In 1964, Papa Doc declared himself Le Souverain, a sort of mix of dictator and king. He died in 1971, being succeeded by his son, Jean-Claude “Baby Doc” Duvalier. Baby Doc took over where Papa Doc left off, continuing the harsh dictatorship. He further allowed the Haitian military to rot away. In 1985, there was a failed rebellion and in 1986 President Reagan arranged for Baby Doc to go into exile, an an attempt to bring some kind of order to Haiti.
(Haitian troops in the 1980s or 1990s; they are wearing WWII M1 pot helmets and WWII-issue cartridge belts, and carrying WWII M1 Garand rifles. The white building in the background is the presidential palace which was famously destroyed in the January 2010 earthquake.)
From 1986-1990, Haiti had a total of six presidents in four years, with army interference throughout. During this time Haiti effectively lost control of it’s own crumbling military, for example in 1988 the air force leadership sold off most of the country’s warplanes for “fun money” for themselves. On 7 February 1991, Jean-Bertrand Aristide was sworn in, having fairly won a free election. However seven months later, he was overthrown by yet another military coup, led by Haiti’s final general, Raoul Cedras. Ironically, Cedras had been nominated by France as a “fair protector” of the 1991 election which he then overthrew. A former colonel, Cedras “promoted” himself to general and took on the trappings of a WWII-style generalissimo.
Operation Uphold Democracy 1994
President Clinton was incensed at the coup and set about trying to reverse it through diplomacy. Cedras strung Clinton along with endless negotiations but had no desire to leave power. Finally in September 1994, Clinton sent former President Carter and General Colin Powell to negotiate with Cedras. They told him upfront that President Clinton was going to invade Haiti to reinstall the fairly-elected Aristide, and that it was his choice to leave office either peacefully in comfortable exile, or, by less pleasant methods. At the last minute, when the operation was already beginning, Cedras agreed to step down. American troops began landing unopposed on 19 September.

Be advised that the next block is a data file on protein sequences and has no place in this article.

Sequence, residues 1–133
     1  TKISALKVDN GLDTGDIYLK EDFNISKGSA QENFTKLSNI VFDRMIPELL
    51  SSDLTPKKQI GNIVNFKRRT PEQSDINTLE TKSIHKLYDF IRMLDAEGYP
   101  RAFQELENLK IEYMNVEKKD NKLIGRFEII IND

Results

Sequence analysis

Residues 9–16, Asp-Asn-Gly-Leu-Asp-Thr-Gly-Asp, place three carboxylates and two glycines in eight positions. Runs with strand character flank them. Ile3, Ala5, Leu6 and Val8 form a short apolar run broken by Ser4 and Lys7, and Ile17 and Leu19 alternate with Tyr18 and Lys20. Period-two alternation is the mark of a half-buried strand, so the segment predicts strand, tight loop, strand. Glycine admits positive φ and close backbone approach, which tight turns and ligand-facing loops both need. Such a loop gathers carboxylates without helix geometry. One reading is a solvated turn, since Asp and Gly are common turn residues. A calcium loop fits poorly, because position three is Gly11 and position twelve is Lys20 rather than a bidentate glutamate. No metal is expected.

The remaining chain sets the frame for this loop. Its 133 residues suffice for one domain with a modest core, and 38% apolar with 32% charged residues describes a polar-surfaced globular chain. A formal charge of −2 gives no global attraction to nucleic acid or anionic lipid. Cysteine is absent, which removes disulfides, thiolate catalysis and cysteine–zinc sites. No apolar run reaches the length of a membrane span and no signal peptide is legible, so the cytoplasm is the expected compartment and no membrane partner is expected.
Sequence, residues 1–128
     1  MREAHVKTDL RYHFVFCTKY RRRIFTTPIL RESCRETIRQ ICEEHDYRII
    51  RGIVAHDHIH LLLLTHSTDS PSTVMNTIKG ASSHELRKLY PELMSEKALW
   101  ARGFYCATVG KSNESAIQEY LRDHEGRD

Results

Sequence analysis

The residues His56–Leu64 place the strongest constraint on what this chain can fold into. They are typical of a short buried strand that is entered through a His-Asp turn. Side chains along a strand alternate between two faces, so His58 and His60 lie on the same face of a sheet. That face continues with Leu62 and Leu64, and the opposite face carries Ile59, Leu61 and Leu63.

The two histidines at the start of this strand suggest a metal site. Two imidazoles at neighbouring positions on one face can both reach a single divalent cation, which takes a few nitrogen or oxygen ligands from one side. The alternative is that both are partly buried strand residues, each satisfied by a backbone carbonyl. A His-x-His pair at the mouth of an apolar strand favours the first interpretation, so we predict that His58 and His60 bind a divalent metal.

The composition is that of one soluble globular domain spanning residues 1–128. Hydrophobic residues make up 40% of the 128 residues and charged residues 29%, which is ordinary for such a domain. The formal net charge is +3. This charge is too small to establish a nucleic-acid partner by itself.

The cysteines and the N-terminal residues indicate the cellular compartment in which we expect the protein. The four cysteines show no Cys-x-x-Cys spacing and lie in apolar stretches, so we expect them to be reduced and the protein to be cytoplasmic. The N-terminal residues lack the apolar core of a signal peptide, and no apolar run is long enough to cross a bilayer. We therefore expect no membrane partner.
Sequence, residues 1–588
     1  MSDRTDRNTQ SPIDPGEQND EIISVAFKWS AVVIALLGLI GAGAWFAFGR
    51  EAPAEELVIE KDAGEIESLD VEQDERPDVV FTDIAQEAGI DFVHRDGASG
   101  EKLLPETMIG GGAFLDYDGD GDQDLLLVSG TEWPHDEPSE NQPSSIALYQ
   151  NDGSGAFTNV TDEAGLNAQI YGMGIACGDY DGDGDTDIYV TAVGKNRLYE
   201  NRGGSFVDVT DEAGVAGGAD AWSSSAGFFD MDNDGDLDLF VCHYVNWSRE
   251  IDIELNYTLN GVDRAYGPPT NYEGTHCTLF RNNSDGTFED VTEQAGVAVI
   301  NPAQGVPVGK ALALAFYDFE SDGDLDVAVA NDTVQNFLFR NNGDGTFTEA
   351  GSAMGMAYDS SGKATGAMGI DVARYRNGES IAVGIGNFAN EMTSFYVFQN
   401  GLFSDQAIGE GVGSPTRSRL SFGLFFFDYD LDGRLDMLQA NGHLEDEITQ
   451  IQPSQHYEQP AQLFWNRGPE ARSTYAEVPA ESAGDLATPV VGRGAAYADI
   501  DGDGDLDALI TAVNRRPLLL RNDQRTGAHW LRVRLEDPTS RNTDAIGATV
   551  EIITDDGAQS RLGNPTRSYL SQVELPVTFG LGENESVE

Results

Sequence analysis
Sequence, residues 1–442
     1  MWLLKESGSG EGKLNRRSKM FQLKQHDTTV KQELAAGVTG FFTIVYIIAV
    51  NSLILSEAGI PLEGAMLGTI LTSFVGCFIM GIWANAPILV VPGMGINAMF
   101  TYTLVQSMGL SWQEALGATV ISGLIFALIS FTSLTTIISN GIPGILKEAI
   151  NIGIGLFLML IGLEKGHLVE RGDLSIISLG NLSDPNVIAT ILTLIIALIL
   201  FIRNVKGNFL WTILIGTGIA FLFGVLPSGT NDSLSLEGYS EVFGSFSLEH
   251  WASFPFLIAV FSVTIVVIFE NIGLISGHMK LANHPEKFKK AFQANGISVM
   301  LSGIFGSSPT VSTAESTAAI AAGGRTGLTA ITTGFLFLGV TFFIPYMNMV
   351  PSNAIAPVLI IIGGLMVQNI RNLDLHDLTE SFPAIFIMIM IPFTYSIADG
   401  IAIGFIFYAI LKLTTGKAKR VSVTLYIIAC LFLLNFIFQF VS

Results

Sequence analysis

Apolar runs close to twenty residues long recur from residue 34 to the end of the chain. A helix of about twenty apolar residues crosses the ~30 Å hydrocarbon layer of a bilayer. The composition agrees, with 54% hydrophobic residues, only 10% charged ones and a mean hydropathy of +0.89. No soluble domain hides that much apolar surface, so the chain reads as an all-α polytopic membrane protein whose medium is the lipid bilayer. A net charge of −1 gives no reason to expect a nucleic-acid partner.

Below is a picture of what the US Army expected the Haitian army to be equipped with: The modern West German-made H&K G3 assault rifle and the Israeli-made Uzi; both of which had been bought in the 1970s with American-made weapons embargoed.
As it turned out, the quantities of these two weapons was much smaller than had been thought, and instead, a glut of WWII-vintage weaponry was encountered instead.
(A Port-au-Prince policeman during the 1994 American invasion. He appears to be brandishing a Smith & Wesson M1917 revolver. This six-shooter was used during WWII as a cheap, easy-to-build substitute backing up the M1911 semi-auto. It fired the same .45 ACP cartridge as the M1911.)
M1 Garands were everywhere. Almost all of the M1s bought over the years appeared to still be in use, in ready storage, or looted by civilians.
There were other old guns recovered by American troops, including at least one tommy gun and several of the now-antique M1903 Springfields. Many of these dated back to the 1948 buys or even to WWII Lend-Lease.
(An armorer’s rack at a Haitian army base captured by US troops in 1994; it holds some commercial pump-action shotguns, an unidentified assault rifle-type weapon, a M1928 Thompson, and four M1903 Springfields.)
All of the Haitian army’s heavy equipment was secured in the operation’s opening stages. Most of it had been stored (apparently for a long time) at the Camp D’Application facility.
Some of the M1916 75mm guns were recovered, as well as some M3 anti-tank guns, WWII-era mortars, and Bofors AA guns. All had been stored at Camp D’Application and were in terrible condition, not having been fired in many years. Also recovered was some dangerously-old French-made ammunition for the M1916s. These items were transported to the International Pier at Port-au-Prince harbor and shipped abroad for scrapping.
One of the more surprising finds was WWII-era Belgian-made FN M24(H) rifles. These guns were purchased in the 1930s and 1940s. They used a mauser-style bolt action but were chambered for the American .30-06 Springfield cartridge. These guns offered no appreciable advantage vs the M1903 and it’s unknown why Haiti bought them. Some were apparently still in reserve inventory in 1994.